The damage will continue to rise in coming days, as major flooding continues along the Mississippi and Missouri Rivers. A levee broke along the Mississippi just north of St. Louis this morning, sending flood waters towards the small town of Winfield. Heavy rains in excess of five inches have hit much of northern Missouri this week (Figure 1), and NOAA's Hydrometeorological Prediction Center is forecasting a high probability of heavy rain in the region today through Saturday morning. The culprit is a slow-moving low pressure system over Minnesota, which will drag a cold front through Missouri tonight. An additional 2-4 inches of rain will fall in some areas along the front. The additional rain should keep the Mississippi and Missouri Rivers in Missouri above flood stage for an extra day or two. Currently, these rivers are expected to reach their highest crests sometime between Monday June 30 and Wednesday July 2. The forecast looks somewhat drier for the Midwest next week, thankfully. The jet stream has regularly been taking a major dip southward into the Central U.S. the past two months, putting the favored track for rainy low pressure systems over the Midwest. The jet often gets "stuck" in a high-amplitude trough-ridge pattern which causes drought in one part of the country (California in this case) and floods in another. This "stuckness" often lasts for 3 months. The current 2-week forecast from the GFS and ECMWF models predicts a continuation of the "stuck" jet stream pattern, but decreasing in amplitude and sliding more to the east. This should result in the favored storm track moving more towards the East Coast, relieving flooding in the Midwest.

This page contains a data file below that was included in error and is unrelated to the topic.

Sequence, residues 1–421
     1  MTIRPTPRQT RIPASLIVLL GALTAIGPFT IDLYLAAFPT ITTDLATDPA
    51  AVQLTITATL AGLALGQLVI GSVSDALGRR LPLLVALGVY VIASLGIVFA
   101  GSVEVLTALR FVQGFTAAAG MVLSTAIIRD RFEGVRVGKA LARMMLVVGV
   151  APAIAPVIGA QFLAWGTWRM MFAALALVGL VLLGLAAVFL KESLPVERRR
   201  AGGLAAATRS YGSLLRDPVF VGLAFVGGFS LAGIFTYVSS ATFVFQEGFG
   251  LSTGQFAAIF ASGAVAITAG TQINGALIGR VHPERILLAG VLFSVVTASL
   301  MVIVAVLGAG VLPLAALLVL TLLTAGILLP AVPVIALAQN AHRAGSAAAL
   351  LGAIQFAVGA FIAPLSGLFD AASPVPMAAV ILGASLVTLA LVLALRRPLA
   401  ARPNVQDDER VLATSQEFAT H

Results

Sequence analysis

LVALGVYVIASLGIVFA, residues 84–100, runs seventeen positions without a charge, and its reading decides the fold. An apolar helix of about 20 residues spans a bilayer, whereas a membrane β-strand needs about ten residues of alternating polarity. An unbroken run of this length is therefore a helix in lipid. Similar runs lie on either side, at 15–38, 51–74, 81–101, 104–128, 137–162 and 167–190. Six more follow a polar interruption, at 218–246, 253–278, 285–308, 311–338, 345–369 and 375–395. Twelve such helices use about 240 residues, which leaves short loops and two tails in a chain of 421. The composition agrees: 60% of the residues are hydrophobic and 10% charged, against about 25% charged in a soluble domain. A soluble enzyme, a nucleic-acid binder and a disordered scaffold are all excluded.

Figure 1. Precipitation for the 7 days ending on Friday, June 27, at 8am EDT. Image credit:NOAA.